It’s Hard With ‘Oil’ These Choices

  • SumoMe

On 1/5/17 I wrote about a bearish position on ticker USO – an ETF that purportedly tracks the price of crude oil.  This article updates the status of that position and considers several potential actions from here.

(See also Why You Should Be Rooting for a Bullish January)

The Great Irony of Option Trading

The “Great Irony of Option Trading” is that the best thing about option trading is also the worst thing about option trading, as captured quite succinctly in:

Jay’s Trading Maxim #74a: The best thing about option trading is that there are so many choices.

Jay’s Trading Maxim #74b: The worst thing about option trading is that there are sooooooooooooo………………. many choices!

Unlike many stock and mutual fund strategies, option trading strategies are rarely of the “set it and forget it” variety.   Also, a given position can evolve and be adjusted into an entirely different – and potentially more favorable – position.  In the 1/5/17 article I wrote about a hypothetical bearish option position for crude oil.  In this piece we will update that trade and then examine some of those $%^& choices.

(See also A Two-Fund Portfolio for the Next 3 Months)

Bearish on USO

On 1/5/17 I wrote about a bearish position on ticker USO – an ETF that purportedly tracks the price of crude oil.  It involved buying the in-the-money February 13 put.  By buying in-the-money the negative effect of time decay was essentially eliminated as very little time premium was paid in the first place. Since that time USO has bounced up and down in a fairly tight range. As of the close on 1/30 the position had a small profit of $180 as displayed in Figure 1.

(click to enlarge)1Figure 1 – USO Feb 13 puts (Courtesy

So the question is “what to do from here.”  As always there are choices. To wit:

So Many Choices

Choice #1: A trader still thinks crude is going to break lower between now and February expiration (2/17).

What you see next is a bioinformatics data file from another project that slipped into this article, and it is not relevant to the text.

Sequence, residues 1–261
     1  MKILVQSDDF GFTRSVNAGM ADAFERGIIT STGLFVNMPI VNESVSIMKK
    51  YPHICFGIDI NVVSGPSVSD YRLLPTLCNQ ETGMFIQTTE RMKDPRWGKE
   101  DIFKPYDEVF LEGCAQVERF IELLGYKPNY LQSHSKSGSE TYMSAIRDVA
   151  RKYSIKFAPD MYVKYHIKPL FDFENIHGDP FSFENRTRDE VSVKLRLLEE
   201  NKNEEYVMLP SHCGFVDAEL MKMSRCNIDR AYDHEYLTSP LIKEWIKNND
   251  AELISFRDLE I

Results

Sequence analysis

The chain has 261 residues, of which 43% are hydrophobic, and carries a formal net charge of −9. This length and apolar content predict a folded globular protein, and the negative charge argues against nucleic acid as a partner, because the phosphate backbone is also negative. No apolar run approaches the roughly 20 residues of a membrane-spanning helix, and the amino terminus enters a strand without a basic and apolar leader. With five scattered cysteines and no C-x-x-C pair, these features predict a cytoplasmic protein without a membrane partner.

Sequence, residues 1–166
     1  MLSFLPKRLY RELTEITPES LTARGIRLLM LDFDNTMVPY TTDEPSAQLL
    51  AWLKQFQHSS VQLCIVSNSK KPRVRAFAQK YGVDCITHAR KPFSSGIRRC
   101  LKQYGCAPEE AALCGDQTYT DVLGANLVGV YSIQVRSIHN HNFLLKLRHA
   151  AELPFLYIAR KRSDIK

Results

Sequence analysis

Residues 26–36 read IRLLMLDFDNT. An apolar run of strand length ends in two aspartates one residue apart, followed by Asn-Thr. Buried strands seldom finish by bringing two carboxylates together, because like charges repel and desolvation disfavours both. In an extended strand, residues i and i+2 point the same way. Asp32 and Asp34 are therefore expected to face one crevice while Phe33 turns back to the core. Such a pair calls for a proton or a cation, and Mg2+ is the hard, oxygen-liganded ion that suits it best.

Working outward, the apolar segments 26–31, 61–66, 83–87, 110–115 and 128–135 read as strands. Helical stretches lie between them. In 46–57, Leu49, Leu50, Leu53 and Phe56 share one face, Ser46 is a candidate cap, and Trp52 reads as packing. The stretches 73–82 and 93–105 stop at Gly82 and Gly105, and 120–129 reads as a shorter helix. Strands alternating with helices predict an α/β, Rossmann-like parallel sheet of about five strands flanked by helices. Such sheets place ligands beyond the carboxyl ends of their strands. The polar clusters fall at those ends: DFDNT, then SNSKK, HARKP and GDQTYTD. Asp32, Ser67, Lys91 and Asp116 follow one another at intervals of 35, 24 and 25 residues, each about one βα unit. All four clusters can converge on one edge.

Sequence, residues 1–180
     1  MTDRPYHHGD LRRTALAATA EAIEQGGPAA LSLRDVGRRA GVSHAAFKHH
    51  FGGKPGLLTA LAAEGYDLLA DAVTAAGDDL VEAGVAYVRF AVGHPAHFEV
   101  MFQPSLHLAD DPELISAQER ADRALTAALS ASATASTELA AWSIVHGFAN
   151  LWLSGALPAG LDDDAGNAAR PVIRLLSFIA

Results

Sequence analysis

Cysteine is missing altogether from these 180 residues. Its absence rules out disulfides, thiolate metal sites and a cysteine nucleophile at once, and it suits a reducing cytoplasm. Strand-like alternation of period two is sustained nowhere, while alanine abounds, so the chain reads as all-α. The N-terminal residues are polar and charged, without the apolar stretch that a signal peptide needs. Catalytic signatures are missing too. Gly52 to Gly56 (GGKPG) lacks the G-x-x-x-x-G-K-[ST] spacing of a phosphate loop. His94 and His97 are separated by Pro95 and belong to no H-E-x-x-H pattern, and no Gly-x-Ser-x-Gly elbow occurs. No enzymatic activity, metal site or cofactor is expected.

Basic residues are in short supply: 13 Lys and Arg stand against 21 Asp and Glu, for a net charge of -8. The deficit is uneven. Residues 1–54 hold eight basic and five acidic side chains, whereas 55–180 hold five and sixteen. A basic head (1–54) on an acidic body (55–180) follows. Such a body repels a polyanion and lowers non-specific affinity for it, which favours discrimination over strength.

In this case, no action needs to be taken.  As you can see in Figure 1, the good news is that if USO plunges this trade will make a lot of money. The bad news is that if USO rallies this trade could still turn into a $1,500 loss of premium.

Choice #2: A trader thinks USO will decline in the relatively near future but would like to cut the risk of experiencing a loss.

In this case the trader could:

*Sell 10 USO Feb 13 puts

*Buy 2 USO Mar 11.5 puts

(click to enlarge)2Figure 2 – USO Mar 11.5 puts (Courtesy

The good news is that there is now no risk of losing money on this trade.  The bad news is that the profit potential is greatly diminished if in fact USO does finally plunge in price.

Choice #3: Flip to a Bullish position.

As I have written about here and here, energy related securities and products have a tendency to rise during the late winter, early spring season. So let’s say a trader decides it’s time to cash in the existing trade and “flip to the other side”.  By making the trade below he or she can essentially “use the house money” to bet that crude oil will rally sharply in 2017.

*Sell 10 USO Feb 13 puts

*Buy 2 USO Jan18 13 calls

(click to enlarge)3Figure 3 – USO Jan18 13 calls (Courtesy

The good news is that the trader in this case now has until Janaury of 2018 for USO to make a move higher, with no risk of loss.

Choice #4: A trader has no idea which way USO is headed anymore but doesn’t want to risk the initial $1,500 anymore.

He or she might:

*Sell 10 USO Feb 13 puts

*Buy 1 USO Jul 11.5 call AND Buy 1 USO Jul 11 put

(click to enlarge)4Figure 4 – USO Jul 11.5 call and Jul 11 put (Courtesy


So which is the proper choice?  Ah, there’s the rub.  But now you have some idea regarding the “good news” and “bad news” associated with the many choices available to an option trader.

Remember, choose wisely.

Jay Kaeppel

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